Canadian Journal of Law and Technology


Charles Morgan


case comment, e-contracts, e-commerce, online contract formation


It is trite to say that e-commerce has exploded over the last several years. Canadian individuals and businesses are entering into thousands and thousands of contracts online all the time. Yet, oddly enough, there is surprisingly little legal certainty or consistency regarding an essential legal question: what approach to online contract formation will create a binding legal contract? Such legal uncertainty is unfortunate, since buyers need to know when to ‘‘beware’’, merchants need to be able to manage risk, and courts need to have clear guidelines in order to be able to render informed, coherent decisions.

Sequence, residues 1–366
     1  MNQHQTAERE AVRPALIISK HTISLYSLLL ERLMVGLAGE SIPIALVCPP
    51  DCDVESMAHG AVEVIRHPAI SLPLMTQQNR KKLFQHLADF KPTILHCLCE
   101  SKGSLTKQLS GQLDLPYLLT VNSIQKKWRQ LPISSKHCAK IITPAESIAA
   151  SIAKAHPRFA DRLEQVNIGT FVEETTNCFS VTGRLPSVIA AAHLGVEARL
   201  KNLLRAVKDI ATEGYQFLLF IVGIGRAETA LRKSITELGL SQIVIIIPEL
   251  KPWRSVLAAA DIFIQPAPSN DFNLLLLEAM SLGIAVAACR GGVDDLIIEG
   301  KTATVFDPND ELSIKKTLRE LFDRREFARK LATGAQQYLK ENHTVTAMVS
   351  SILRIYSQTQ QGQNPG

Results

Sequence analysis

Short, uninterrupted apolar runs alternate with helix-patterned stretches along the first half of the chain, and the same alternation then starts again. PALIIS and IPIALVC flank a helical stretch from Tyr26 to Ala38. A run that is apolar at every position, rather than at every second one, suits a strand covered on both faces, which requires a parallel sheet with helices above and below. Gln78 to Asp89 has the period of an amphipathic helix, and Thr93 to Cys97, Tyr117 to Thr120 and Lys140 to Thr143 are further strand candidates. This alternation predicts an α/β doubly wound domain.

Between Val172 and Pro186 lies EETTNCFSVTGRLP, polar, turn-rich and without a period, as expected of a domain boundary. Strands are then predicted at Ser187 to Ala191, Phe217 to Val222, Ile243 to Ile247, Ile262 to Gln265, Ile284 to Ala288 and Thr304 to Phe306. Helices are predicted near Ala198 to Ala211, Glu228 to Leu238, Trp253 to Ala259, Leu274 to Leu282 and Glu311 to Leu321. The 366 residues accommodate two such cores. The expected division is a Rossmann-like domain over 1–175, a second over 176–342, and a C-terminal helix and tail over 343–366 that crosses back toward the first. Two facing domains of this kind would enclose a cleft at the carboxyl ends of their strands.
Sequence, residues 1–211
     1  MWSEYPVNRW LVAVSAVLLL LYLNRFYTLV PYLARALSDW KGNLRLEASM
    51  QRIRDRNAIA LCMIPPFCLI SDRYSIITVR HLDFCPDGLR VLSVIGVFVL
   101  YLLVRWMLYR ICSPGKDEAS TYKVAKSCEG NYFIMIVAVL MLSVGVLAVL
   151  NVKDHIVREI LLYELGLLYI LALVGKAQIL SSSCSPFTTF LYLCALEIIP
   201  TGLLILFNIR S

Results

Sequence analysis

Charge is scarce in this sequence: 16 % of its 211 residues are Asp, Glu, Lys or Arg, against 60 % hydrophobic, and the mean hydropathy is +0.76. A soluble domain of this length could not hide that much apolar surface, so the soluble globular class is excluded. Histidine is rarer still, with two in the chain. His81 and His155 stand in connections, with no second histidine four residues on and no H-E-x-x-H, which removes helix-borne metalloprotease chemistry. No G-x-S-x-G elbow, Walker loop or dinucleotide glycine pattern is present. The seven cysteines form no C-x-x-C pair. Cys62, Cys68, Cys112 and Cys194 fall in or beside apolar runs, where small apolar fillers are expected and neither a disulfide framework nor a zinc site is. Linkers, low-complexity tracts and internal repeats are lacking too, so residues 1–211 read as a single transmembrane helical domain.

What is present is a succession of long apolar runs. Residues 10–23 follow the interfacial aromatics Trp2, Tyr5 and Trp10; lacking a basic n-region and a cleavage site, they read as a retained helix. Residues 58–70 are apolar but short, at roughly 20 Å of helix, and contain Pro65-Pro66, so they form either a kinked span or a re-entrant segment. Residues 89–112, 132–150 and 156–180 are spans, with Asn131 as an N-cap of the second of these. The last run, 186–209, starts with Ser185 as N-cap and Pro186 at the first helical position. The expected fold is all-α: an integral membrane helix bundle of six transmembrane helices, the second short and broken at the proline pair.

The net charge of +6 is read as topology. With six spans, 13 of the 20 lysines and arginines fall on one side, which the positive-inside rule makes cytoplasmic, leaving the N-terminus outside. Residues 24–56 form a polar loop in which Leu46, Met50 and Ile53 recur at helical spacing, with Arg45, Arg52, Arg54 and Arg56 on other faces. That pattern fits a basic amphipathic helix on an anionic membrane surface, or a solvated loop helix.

The issue of online contract formation was recently treated in the Quebec court decision Aspencerl.com v. Paysystems Corporation (Paysystems). The legal argument in the decision differs significantly from existing Canadian and Quebec jurisprudence on the subject of online contract formation. Accordingly, this case com- ment is intended to analyse and critique the Paysystems decision, to discuss and evaluate current approaches to online contract formation more generally, and to provide advice regarding how to mitigate the risk of a finding of non-enforceability.